This is actually a problem in your understanding of the math instead of the program. The algorithm is fine, but the supplied initial condition is not.

You define `inverse(f, delta)` like this:

``````def inverse(f, delta=1e-5):
...
def newton(y, iters=15):
guess = float(y)/2
...
return newton
``````

so you guess the result of 1000 = 10x is 500.0, but surely 10500 is too large. The initial guess should chosen to be in a valid for f, not chosen for the inverse of f.

I suggested that you initialize with a guess of 1, i.e. replace that line with

``````guess = 1
``````

and it should work fine.

BTW, your binary search's initial condition is also wrong, because you assume the solution is between 0 and y:

``````low, high = 0, float(y)
``````

this is true for your test cases, but it's easy to construct counter examples e.g. log10 0.1 (= -1), √0.36 (= 0.6), etc. (Your professor's `find_bounds` method does solve the √0.36 problem, but still won't handle the log10 0.1 problem.)

• his prof's find bounds method attempts to solve your second point. – Paul Seeb Jun 26 '12 at 19:49
• @PaulSeeb not completely, see update. – kennytm Jun 26 '12 at 19:51
• I guess I automatically assumed that, this being a general inverse function for any mon increasing func, splitting the range down the middle would be a good starting point... should've given it more thought. So staring at 1 would be a better starting point in general or just for log10? – Verbal_Kint Jun 26 '12 at 19:56
• Also, any insight as to why my newton's method is way off for all log10 tests (example above was with my bin-search method)? Or does that have to do with the starting guess issue with newton? – Verbal_Kint Jun 26 '12 at 19:57
• @Verbal_Kint I guess it's better ask on math.stackexchange.com for detail about these numerical root-finding methods. – kennytm Jun 27 '12 at 6:00

I traced your error but it basically comes down to the fact that 10**10000000 causes an overflow in python. a quick check using the math library

``````math.pow(10,10000000)

Traceback (most recent call last):
File "<pyshell#3>", line 1, in <module>
math.pow(10,10000000)
OverflowError: math range error
``````

I did a little research for you and found this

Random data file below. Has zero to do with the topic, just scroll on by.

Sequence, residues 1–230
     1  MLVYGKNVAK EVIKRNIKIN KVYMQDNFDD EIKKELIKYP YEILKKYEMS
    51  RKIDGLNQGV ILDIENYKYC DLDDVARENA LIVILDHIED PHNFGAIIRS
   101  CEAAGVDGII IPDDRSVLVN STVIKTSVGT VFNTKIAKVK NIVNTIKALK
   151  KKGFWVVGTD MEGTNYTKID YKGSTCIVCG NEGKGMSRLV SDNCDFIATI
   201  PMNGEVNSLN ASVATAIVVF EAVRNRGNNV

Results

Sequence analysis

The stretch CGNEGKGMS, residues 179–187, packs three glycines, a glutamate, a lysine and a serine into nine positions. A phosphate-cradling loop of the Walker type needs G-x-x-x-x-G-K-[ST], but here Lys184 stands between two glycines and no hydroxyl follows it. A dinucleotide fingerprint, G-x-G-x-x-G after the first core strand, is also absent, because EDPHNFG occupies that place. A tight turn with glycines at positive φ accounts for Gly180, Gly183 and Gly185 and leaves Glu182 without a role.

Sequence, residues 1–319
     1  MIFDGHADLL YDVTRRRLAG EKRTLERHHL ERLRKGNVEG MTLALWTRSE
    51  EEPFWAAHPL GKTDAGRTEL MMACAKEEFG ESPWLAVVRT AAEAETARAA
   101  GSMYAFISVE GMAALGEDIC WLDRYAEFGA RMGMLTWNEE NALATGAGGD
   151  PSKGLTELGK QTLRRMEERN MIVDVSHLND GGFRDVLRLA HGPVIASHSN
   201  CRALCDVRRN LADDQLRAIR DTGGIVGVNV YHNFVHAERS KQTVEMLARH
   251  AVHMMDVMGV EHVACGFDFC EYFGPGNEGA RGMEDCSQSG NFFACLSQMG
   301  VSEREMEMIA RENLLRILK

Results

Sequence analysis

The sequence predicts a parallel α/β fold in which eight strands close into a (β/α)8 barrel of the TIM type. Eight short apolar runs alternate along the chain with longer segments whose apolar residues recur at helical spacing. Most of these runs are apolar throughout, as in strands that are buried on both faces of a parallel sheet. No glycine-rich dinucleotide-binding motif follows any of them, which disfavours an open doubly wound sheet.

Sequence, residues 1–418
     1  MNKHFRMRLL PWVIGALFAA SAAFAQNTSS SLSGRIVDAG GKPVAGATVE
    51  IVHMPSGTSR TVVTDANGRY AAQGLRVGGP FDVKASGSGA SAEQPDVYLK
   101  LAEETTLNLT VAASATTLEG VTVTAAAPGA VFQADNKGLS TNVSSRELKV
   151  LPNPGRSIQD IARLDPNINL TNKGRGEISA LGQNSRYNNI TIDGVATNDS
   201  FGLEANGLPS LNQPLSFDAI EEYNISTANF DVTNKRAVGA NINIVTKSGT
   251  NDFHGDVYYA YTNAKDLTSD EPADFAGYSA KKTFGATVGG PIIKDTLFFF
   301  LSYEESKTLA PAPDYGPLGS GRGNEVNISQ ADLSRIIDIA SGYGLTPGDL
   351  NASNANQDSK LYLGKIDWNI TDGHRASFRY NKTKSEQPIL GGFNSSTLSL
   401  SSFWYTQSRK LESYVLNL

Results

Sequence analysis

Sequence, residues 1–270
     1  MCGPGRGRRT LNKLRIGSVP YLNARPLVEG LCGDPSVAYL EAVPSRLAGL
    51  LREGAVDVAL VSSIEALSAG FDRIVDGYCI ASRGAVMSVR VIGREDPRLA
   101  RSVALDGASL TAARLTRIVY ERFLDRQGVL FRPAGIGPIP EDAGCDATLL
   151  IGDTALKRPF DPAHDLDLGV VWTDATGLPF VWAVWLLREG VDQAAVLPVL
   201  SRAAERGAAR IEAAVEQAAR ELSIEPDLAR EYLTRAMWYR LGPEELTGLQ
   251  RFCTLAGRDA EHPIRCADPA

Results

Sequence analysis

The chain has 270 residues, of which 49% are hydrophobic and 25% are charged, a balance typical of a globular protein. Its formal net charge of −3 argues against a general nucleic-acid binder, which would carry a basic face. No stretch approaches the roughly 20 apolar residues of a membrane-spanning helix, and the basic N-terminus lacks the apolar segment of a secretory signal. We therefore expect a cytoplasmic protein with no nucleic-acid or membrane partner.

Handling big numbers in code

You need to either re-evaluate why you need to calculate such a large number (and change your code accordingly :: suggested) or start looking for some even larger number handling solutions.

You could edit your inverse function to check if certain inputs will cause it to fail (try statement) which could also solve some issues with zero division if the functions arent monotonically increasing, and avoid those regions OR

you could mirror a number of points in the "interesting" area about y=x and use an interpolation scheme through those points to create the "inverse" function (hermite's, taylor series, etc).

• I wasn't aware of the size restrictions, but it doesn't seem to effect the other solutions posted in the class forum, those pass all tests. Also, any insight into why my Newton's method can't handle log10 at all (answers are wayyyy off)? Thanks – Verbal_Kint Jun 26 '12 at 19:27
• The `math` module essentially provides access to C's fast `<math.h>` and hence will raise `OverflowError` exceptions for values where the built-in `pow()` or the `**` operator wouldn't. That said, your larger point is spot-on, as calculating such huge numbers would be prohibitively slow even if it didn't raise an exception. – Greg E. Jun 26 '12 at 19:27
• Here is a hint why your professors code is running better. Take a look at the purpose of his "find bounds" method and see why you are getting an overflow. You are probably not even getting through one calculation – Paul Seeb Jun 26 '12 at 19:37

If you're using Python 2.x, `int` and `long` are distinct types, and the `OverflowError` can only result for `ints` (q.v., Built-in Exceptions). Try explicitly using `longs` instead (either by using the `long()` built-in function on your integral values, or appending `L` to the numeric literals).

Edit: Obviously, as Paul Seeb and KennyTM have pointed out in their superior answers, this is no remedy for an algorithmic flaw.